In sports where there are levels of play, a longstanding issue is how to have players playing at the right level. This is a perennial challenge with USTA League play too.
By definition, there will be higher and lower rated players within a given level and while matches will generally be competitive between players at the same level, the higher rated players are going to win more than the lower rated players. For some on the lower end of the range for a level, it is tempting to think "If I were only at the next lower level, I could win more".
The dark side of USTA League is that some players will go out of their way to try to make sure they get bumped down a level so they can win. They may do this by deliberately losing games or matches in order to cause their rating to go down. This is certainly not in the spirit of the rules and unfortunate, but it happens.
In many cases, a player that is right on the margin between levels can get bumped down and their level of play is not so high that there is a major issue with them playing at the lower level. However, it does become a major issue when a player tanks matches so much that someone that can compete and win at the higher level manages to get bumped down to a level where they are clearly at the wrong level.
We'd ideally have a system that can detect when matches are being thrown and compensate accordingly. The challenge is that every player's play varies from match to match so simply having good/bad matches doesn't necessarily indicate suspicious behavior. In generating Estimated Dynamic NTRP Rating Reports, I regularly see players that have a range of 0.5 and a bit more than that is not uncommon, especially when a player is improving during a season.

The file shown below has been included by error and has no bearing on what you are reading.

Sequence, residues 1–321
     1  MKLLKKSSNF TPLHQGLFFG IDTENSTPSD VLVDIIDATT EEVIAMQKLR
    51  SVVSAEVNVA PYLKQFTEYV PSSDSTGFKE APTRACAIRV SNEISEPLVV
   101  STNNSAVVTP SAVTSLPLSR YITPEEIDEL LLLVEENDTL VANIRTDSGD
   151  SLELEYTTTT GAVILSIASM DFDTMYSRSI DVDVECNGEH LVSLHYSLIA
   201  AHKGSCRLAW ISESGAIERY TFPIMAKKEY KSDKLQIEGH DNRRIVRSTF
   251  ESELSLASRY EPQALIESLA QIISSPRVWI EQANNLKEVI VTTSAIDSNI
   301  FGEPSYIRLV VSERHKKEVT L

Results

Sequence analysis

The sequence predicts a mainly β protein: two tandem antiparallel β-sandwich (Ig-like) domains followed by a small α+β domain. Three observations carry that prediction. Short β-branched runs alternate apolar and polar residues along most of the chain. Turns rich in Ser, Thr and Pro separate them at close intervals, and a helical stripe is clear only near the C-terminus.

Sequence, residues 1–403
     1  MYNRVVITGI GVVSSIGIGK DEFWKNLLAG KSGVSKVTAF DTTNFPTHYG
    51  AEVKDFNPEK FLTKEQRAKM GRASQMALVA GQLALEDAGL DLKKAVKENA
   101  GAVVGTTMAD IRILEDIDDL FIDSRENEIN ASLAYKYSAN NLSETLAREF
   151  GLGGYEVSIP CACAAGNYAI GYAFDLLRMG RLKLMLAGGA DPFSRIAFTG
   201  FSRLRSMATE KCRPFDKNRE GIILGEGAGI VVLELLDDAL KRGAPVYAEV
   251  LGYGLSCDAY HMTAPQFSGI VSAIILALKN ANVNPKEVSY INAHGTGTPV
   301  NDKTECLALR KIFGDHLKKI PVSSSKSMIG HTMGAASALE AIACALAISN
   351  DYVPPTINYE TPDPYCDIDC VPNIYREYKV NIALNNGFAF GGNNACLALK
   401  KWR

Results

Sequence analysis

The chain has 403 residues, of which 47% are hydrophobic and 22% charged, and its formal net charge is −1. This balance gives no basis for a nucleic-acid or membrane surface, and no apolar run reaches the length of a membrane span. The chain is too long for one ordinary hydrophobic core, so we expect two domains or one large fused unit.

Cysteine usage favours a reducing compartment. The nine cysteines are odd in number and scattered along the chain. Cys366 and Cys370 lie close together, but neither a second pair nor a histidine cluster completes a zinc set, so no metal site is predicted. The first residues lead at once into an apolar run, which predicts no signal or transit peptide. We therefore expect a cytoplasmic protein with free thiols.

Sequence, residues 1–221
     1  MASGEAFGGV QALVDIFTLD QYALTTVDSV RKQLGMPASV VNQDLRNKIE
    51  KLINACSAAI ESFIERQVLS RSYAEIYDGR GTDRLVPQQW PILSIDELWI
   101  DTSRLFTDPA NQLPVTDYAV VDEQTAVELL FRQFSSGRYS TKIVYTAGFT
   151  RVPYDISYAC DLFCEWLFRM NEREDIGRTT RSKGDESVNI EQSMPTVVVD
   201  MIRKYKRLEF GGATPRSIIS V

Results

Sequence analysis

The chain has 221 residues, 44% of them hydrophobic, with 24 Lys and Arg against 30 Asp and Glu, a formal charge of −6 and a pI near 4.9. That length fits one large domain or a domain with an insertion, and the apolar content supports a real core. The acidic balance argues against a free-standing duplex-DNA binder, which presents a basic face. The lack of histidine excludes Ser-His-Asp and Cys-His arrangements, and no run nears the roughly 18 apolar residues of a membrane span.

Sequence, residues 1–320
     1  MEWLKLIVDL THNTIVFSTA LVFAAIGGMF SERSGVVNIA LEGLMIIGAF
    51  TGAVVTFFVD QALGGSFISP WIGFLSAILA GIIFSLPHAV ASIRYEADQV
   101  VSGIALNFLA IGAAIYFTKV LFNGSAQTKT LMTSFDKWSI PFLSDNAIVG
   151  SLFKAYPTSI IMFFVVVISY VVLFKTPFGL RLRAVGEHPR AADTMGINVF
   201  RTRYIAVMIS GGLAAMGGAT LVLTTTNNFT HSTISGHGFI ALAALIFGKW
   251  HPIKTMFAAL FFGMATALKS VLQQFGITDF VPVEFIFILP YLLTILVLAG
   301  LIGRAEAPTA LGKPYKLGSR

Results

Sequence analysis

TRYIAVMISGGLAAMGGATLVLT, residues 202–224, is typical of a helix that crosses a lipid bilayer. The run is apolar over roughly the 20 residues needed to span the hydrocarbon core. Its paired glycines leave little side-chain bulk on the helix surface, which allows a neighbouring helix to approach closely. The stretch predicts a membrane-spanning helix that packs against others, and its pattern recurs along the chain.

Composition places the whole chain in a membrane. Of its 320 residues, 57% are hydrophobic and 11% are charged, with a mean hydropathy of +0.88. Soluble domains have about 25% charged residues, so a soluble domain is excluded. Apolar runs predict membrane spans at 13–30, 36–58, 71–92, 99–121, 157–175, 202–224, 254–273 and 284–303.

I recently came across a player that seemingly goes way beyond natural variance from match to match and would seem to be a clear indication of suspicious activity. Here is their chart from their 2013 matches.
We can see that this player has matches rated as high as 4.96 and as low as 3.64. That is a range of 1.32, the largest I've ever seen. A 4.96 is a rating it would be reasonable for a 5.5 rated player to post and a 3.64 could easily be posted by a 3.5. We even see a 3.69 result exactly one week before the 4.96. This is an awfully big range and not what one would normally see from normal variance of play.
We can also see a group of lower rated matches all in September. These matches are from a Fall league that counts towards ratings but does not advance to any National championships and is rumored to be used by some players to manage their ratings down.
Was this player throwing matches to manage their rating? I can't say for sure, I'm just looking at numbers and charts. There could have been factors involved that explain why the results are what they are. I can only say that the wide range is suspicious and makes one go hmmmm.